Written By David
Wikepedia defines infrared radiation (IR radiation) as electromagnetic radiation with a wavelength between 0.7 and 300 micrometres, which equates to a frequency range between approximately 1 and 430 THz.
Its wavelength is longer (and the frequency lower) than that of visible light, but the wavelength is shorter (and the frequency higher) than that of terahertz radiation microwaves. Bright sunlight provides an irradiance of just over 1 kilowatt per square meter at sea level. Of this energy, 527 watts is infrared radiation, 445 watts is visible light, and 32 watts is ultraviolet radiation.
Infrared imaging is used extensively for military and civilian purposes. Military applications include target acquisition, surveillance, night vision, homing and tracking. Non-military uses include thermal efficiency analysis, remote temperature sensing, short-ranged wireless communication, spectroscopy, and weather forecasting. Infrared astronomy uses sensor-equipped telescopes to penetrate dusty regions of space, such as molecular clouds; detect objects such as planets, and to view highly red-shifted objects from the early days of the universe.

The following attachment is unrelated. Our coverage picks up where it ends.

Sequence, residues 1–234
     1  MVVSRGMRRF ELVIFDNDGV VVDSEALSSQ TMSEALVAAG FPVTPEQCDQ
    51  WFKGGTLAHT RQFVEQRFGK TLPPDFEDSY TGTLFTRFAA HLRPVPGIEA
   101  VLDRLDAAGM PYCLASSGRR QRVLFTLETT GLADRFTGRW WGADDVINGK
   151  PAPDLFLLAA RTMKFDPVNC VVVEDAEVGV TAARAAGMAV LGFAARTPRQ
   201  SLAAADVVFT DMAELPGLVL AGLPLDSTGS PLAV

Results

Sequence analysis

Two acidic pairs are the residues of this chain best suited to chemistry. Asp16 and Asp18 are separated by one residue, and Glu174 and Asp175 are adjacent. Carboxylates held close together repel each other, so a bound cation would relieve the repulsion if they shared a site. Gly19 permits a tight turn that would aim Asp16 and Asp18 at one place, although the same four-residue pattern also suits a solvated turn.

Humans at normal body temperature radiate chiefly at wavelengths around 12μm (micrometers), as shown by Wien's displacement law.
At the atomic level, infrared energy elicits vibrational modes in a molecule through a change in the dipole moment, making it a useful frequency range for study of these energy states for molecules of the proper symmetry. Infrared spectroscopy examines absorption and transmission of photons in the infrared energy range, based on their frequency and intensity.
The name means below red, the Latin infra meaning "below". Red is the color of the longest wavelengths of visible light. Infrared light has a longer wavelength (and so a lower frequency) than that of red light visible to humans, hence the literal meaning of below red.